If Qualified Patients' appeal fails, California would simply become even more balkanized, says Curiale, with hard-line cities like San Leandro sending even more consumer dollars to cities like Oakland that tax and regulate the $14 billion a year agricultural product.

Tuesday, July 13, 2010

County, city wait on courts, election to decide medical marijuana issue

BARSTOW • The county will continue to prohibit new medical marijuana dispensaries in unincorporated areas for another year. Dispensaries likely won’t be allowed within city limits for another 10 months either.

City officials will recommend extending Barstow’s current dispensary moratorium another 10 or 12 months when the Council revisits the issue next month, said Ron Rector, Barstow’s community and economic development director. The San Bernardino County Board of Supervisors voted Tuesday to extend the county’s moratorium on dispensaries for another year.

City and county officials are waiting on the outcome of several lawsuits against cities like Los Angeles and Anaheim by medical marijuana advocates before deciding if dispensaries should be allowed at all.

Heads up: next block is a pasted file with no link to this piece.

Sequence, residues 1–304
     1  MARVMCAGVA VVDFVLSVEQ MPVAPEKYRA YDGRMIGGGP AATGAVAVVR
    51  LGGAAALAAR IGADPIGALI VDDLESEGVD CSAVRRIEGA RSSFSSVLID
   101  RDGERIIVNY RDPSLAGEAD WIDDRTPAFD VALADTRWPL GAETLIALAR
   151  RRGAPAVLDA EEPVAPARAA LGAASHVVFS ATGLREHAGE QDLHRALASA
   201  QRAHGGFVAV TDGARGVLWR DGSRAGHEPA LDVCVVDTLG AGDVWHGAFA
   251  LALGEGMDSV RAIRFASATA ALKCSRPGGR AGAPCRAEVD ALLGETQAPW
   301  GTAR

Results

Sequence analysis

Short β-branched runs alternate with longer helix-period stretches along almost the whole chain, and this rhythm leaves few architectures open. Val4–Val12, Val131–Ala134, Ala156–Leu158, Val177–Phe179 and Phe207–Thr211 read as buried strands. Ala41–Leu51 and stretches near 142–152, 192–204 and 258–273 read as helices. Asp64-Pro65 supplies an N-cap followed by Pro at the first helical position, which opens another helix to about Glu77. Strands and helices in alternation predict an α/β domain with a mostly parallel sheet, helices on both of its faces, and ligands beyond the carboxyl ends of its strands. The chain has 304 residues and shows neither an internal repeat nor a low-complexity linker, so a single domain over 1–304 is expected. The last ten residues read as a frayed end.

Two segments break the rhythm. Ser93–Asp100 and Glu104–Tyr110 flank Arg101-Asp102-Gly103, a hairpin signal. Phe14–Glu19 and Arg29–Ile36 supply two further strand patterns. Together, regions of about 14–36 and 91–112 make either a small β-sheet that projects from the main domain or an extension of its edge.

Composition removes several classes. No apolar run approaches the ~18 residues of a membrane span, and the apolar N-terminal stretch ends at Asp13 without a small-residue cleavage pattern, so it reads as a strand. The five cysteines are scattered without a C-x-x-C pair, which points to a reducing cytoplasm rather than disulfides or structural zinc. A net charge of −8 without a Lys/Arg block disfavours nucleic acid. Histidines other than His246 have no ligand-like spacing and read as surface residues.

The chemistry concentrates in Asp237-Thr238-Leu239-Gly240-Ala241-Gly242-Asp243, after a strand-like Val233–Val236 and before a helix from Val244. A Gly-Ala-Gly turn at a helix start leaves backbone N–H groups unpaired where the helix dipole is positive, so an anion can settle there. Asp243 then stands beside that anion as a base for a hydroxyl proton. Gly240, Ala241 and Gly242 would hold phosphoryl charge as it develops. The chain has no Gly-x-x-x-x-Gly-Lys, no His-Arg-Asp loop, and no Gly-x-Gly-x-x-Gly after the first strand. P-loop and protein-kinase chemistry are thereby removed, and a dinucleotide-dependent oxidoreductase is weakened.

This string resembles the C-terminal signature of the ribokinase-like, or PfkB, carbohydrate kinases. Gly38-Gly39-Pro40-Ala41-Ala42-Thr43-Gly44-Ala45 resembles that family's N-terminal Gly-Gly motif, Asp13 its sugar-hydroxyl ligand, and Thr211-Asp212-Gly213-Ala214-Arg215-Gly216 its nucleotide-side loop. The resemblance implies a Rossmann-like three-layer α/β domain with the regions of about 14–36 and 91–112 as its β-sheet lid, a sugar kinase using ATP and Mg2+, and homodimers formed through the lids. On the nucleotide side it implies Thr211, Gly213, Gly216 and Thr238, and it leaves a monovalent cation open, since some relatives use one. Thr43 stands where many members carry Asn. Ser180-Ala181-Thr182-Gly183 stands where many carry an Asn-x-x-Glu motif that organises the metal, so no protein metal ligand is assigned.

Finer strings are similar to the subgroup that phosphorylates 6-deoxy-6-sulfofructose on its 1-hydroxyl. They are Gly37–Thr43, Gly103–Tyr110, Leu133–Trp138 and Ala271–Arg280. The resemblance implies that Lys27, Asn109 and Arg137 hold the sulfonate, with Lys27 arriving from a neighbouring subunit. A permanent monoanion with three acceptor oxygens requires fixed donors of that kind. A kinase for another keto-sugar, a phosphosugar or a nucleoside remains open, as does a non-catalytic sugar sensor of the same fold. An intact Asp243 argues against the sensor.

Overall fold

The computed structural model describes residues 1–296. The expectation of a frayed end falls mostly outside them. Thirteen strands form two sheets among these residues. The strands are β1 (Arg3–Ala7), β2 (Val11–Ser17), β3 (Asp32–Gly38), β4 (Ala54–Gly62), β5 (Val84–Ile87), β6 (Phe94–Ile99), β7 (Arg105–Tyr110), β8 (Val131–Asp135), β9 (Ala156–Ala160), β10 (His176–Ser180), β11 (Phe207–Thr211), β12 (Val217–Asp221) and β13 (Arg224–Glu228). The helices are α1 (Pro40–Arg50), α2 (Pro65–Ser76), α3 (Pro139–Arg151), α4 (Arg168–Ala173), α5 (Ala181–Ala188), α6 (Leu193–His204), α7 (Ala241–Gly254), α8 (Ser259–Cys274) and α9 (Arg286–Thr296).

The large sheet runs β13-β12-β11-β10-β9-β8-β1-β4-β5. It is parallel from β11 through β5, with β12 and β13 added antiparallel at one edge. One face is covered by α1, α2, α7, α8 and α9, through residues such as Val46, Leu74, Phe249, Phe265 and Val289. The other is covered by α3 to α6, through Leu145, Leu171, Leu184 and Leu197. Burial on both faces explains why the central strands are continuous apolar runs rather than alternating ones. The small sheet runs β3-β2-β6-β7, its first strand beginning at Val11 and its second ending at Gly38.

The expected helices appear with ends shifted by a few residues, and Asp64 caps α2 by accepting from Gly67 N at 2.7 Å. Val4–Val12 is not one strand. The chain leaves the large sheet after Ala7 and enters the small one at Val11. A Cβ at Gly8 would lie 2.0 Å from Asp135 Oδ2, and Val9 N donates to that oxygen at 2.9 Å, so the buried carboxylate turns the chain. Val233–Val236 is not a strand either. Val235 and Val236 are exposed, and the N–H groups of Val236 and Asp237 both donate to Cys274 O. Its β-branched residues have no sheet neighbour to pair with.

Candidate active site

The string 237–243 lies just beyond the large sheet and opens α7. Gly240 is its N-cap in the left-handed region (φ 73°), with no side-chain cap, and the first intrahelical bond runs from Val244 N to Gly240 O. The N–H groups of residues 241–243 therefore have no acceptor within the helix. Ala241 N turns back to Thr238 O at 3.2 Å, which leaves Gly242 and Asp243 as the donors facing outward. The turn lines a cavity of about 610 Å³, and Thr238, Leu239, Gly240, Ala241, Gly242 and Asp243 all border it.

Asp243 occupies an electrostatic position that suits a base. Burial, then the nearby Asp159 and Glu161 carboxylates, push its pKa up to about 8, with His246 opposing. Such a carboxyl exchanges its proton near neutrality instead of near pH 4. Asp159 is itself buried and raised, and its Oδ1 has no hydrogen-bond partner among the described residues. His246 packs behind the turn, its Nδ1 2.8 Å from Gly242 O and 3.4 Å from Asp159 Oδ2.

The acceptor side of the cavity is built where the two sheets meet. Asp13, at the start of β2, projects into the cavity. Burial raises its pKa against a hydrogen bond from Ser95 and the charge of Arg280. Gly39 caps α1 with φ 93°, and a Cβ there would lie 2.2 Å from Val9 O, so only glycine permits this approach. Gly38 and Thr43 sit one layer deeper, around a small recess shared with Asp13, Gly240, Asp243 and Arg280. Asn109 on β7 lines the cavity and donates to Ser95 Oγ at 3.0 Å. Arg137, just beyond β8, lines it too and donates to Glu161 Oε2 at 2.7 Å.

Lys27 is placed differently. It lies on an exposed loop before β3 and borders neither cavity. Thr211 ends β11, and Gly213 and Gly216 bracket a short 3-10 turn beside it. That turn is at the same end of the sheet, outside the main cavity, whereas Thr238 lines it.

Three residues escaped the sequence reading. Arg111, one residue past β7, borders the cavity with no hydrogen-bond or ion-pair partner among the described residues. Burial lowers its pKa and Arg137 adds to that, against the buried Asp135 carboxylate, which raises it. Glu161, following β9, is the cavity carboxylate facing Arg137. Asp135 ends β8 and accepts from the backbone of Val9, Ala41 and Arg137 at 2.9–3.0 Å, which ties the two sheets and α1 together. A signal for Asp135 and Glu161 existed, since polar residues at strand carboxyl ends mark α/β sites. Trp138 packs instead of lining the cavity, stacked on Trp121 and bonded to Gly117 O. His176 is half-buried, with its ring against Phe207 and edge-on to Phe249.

Officials are also waiting on a November ballot initiative to legalize and tax marijuana. If the initiative passes, officials will still have to deal with zoning issues, county spokesman, David Wert said.

“The community has concerns about that the way they would have concerns about a liquor store,” he said.

Barstow established a 45-day moratorium last August, mirroring the county, which suspended the issuing of permits to medical marijuana dispensaries for 45 days last June. After the county extended that moratorium another 10 months and 15 days in August, Barstow followed suit the following month.

When the Council established the moratorium last year, City Planner Mike Massimini had said the city had received inquiries about medical marijuana dispensaries and needed time to research community impacts. Now, until the city won’t take action until they know what the law is, Rector said.

“We’re not going to move into findings until we really understand what the rules are,” he said, adding that the city hasn’t had any more inquiries about marijuana dispensaries. “Once the rules are put in place by the courts, then we’ll know what they are and move forward to build our medical marijuana ordinance.”

Staff at a Yucca Valley clinic that provides two Barstow area clients with medical marijuana is also waiting to see what the rules will be. According to D.J. Ross, executive director for California Alternative Medical Solutions, he is waiting on the outcome of the Anaheim case.